Question: My boyfriend came home last night high on something. I asked what he took and he said Quaaludes. I've never heard of it so I looked it up and here I am, and as far as I can tell they're basically non-existent since the 80s. So is it even possible to get your hands on these nowadays?

Post 40

Quaaludes have been off the market completely since 1984 here in the states. I hear the Mexicans were making them throughout the 80's, but you'd be very hard pressed to find any of those things now. I tried every single drug I could get my hands on in the 80's and never came across one.

Post 39

I loved a good 714 double m and a few beers! Cheap and you got laid for under 10 bucks I loved the early 80s.

Post 36

Quaaludes do not have morphine. Someone is full of it.

Post 35

Marijuana is dangerous. I have seen many lives wrecked by its use. It may have 50+ cannabinoids, or whatever, but that does not change the fact it has the potential to cause or exacerbate debilitating mental disorders. You could argue this is a select proportion of the population but that's not the point.

I do think heaps of legal meds are dangerous and many people have multiple meds to take, not leaving out the trial and error phase of the doctors to get the combo right but this one has too many side effects, plain and simple.

Death is not the worst side effect from an illness. But many people would prefer it to the side effects of marijuana.

Post 33

I had some of these way back in like 1980. They were not unlike being drunk, except without all the 'room-spinning' and nausea.

Post 32

I do agree that marijuana should be at least moved off of schedule 1 because it has many beneficial effects. I would even say that it should be available over the counter because most of the negative beliefs about it are A) not really that bad B) not substantiated with any peer reviewed papers. Also, since there are over 50+ cannabinoids in a single strain of the plant we are not really sure how to replicate its effect.

Sure we have marinol and others, but they do not encompass all of the positive effects of the plant, containing only one of the active ingredients. It is extremely helpful for dealing with neuropathic pain, a condition that is very difficult to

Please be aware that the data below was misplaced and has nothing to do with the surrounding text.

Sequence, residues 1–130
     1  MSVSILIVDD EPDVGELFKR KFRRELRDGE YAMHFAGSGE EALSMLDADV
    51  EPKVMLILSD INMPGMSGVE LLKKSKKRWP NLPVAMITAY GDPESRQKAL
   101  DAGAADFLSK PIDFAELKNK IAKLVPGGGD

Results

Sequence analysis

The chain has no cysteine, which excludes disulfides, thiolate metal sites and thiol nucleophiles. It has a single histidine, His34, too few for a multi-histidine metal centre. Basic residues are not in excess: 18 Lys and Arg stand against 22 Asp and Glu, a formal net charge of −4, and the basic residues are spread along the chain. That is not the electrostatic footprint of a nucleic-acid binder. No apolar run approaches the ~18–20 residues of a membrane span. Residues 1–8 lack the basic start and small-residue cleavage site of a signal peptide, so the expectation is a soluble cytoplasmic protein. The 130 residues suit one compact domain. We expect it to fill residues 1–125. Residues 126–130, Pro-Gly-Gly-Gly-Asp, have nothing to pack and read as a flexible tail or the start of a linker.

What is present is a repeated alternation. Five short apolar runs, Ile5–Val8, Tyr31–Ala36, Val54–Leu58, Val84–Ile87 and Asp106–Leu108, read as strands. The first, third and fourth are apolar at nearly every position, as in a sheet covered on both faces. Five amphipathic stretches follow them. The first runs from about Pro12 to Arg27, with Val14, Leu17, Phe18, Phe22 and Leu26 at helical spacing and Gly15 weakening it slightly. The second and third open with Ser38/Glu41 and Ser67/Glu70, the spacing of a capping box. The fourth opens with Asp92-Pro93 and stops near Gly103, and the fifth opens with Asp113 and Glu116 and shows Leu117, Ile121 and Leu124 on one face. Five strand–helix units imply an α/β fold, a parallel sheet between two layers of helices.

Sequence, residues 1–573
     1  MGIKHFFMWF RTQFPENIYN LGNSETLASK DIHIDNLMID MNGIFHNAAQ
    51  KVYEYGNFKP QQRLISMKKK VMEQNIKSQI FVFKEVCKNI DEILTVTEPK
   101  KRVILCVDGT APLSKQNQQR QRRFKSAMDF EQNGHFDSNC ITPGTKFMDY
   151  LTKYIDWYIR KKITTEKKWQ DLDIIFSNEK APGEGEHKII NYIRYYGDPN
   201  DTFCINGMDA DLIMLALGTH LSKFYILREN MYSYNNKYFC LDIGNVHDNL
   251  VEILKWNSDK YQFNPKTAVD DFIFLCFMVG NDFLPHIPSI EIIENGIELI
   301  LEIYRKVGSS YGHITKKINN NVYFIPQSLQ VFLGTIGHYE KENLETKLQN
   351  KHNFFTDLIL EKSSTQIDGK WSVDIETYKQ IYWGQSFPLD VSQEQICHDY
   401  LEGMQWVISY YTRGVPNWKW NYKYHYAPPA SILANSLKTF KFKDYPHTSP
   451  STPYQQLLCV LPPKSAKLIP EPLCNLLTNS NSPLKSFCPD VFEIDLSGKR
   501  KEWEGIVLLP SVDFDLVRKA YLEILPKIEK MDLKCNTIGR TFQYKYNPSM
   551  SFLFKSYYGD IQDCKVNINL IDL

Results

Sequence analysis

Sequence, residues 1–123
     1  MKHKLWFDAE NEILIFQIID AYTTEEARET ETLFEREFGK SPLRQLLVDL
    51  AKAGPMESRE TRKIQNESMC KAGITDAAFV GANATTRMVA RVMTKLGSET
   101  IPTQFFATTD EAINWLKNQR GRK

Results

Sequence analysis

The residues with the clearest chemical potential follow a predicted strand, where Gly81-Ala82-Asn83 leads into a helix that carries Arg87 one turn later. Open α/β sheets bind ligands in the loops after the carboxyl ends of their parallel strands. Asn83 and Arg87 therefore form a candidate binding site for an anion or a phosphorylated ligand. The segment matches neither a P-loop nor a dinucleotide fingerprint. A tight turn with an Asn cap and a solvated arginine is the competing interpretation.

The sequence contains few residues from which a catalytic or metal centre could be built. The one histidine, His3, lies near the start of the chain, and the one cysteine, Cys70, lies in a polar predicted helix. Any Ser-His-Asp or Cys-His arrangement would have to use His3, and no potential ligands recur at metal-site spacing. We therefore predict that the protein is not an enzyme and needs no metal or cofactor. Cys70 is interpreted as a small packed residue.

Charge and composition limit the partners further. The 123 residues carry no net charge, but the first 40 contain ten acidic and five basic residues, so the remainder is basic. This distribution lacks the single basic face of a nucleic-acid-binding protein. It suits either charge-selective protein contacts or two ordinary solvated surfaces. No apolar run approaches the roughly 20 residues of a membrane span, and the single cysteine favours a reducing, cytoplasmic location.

treat, which is currently treated with antiepileptic medications that have their own sets of side effects.

Also, indicated for MS spasticity, nausea, loss of appetite in those with terminal conditions who are so sick they have serious trouble getting their appropriate nutrition.

Post 31

How could you you do 'drug-screening' when people are making their own codeine out of poppy seeds bought over the counter in supermarkets?

Post 30

Answer to the person who studied effects drugs have on our bodies. You then are aware alcohol has the worst effect, hands down. Every cell is affected negatively. Alcohol is the root of all evil. It is the gateway drug to it all.

Pot, on the other hand, is the goody two shoes of feeling high. Whatever. Take it away, make drugs illegal and let criminals control that market. Better yet, kids go sniff paint and glue because a safe alternative isn't there.

Human nature is human nature, and all the don't do its in the planet will never change that. There is no answer but lots of arguments. That, i admit. I do not have an answer but we

the people have to think rationally of the alternatives taken by our narrow minded thinking.

I erased government and blame the people. We elect government and never follow up. Government are our employees yet we let them run loose with no direction. Oh yea except to "change" something. Anyone figure out what that is?

Post 27

girls loved them in the seventies. my oh my!

Post 26

quaaludes have morphine in them from the poppy plant.

Post 25

I've been married seven years and found out my husband (boy next door) is a pill popping addict! how very sad! that being said, why in the heck does the medical community, not get on the same computer system?

That way they will know that he is doctor seeking for more flipping pills! Oh, that's right! when they show up in the ER room at the hospital, the doctors have to by law, medically treat them every 30 days with a shot. i so give up. erin. king county, washington.

Post 23

"I've seen the effects of alcohol, contact sports, and driving on the body. Should we ban these things as well?

- anon52511"

Exactly the point. People will still get what they want, but the government doesn't get to collect taxes on the billions of dollars flowing in the black market.

Except driving, let's just reduce the number of licensed drivers to the 1 percent who can actually do it right and let the rest take a bus.

Post 22

You say "people are stupid", but what if it is the husband who turns the person on to the drug?

Post 21